Rebuilding and Redecorating Your Home After a Fire

Putting your home back together after a fire is no easy task. You have to find somewhere else to stay while you sort out your insurance claim and the repair work takes place, and life goes on even when you’re not living at home.

The insurance claim process can be a complicated one. If you’re not certain what to do next, these are the 8 steps to take after a house fire to help everything go smoothly with your insurer.


As you go through the insurance claim process, you might consider whether you want to do some things differently as you rebuild. For many families, their top priority will be to put everything back the way it was. But if you have the desire and the means, it could also be an opportunity to renovate or redecorate. It can be a chance to start fresh with your home – but it also means you may have to approach your insurance claim differently than you would otherwise.

What Happens If You Want to Renovate After a Fire?

Were you dreaming of updating your kitchen before it was damaged in a fire? Do you want to implement some renovations that can reduce your premiums, like a new roof or upgrades to your wiring or plumbing? In some cases, updated bylaws may mean that there are additional changes you’re forced to make, whether your insurance covers it or not.

The Structure/Dwelling part of your insurance coverage will only cover the costs of repairing your home as it was before the loss. Though some insurance policies provide bylaw coverage, it is important to determine whether or not yours does. If you want to renovate beyond regular bylaw upgrades rather than restore your home to its pre-loss state, you will be on the hook for those additional expenses.

Many insurers like to work with a preferred contractor and pay out based on their low estimates. You may have to talk to your insurer about accepting a lump sum settlement and finding your own contractor. Be aware that when you take this path, you will have to make up any differences yourself – including any extra Additional Living Expenses that come with extended reconstruction times.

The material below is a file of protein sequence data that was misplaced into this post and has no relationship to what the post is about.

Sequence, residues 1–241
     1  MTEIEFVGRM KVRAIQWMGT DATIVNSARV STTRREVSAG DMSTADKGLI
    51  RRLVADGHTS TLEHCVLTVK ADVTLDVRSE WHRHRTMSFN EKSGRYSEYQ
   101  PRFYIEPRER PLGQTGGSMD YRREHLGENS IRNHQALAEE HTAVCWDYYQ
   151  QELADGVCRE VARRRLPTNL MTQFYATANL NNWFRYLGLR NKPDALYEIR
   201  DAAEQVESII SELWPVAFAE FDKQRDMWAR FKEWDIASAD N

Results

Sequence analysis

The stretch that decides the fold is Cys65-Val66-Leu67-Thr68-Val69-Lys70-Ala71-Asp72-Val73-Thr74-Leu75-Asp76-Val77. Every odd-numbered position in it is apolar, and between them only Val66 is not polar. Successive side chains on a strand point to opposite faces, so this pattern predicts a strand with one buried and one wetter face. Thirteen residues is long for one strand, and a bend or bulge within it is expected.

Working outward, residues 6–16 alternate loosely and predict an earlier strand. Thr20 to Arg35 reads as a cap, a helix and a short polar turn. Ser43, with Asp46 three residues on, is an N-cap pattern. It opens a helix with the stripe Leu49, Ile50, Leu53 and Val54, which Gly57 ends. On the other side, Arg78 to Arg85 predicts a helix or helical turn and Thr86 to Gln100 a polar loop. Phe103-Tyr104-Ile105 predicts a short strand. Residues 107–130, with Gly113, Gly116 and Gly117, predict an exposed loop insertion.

What Do You Do If You Want New Stuff?

In addition to altering the structure of the home, you may also want to redecorate and update your furniture. This can also complicate the insurance process.

Many insurers will want to try to salvage as many items as they can. However, the cost of cleaning up smoke damage is expensive in itself, and not guaranteed to succeed. You especially don’t want your furniture to be unsatisfactorily restored and the costs still deducted from your settlement.

Instead, you may want to ask the insurer for a cashout on an actual cash value basis. This might reduce the lump sum you receive compared to replacing your belongings, but if you have the means, it can be a great way to start fresh.

It is possible to renovate and redecorate as you rebuild from a fire. In order to navigate the insurance claims process and communicate your desires with the insurer, you may want help from an insurance adjuster or lawyer.

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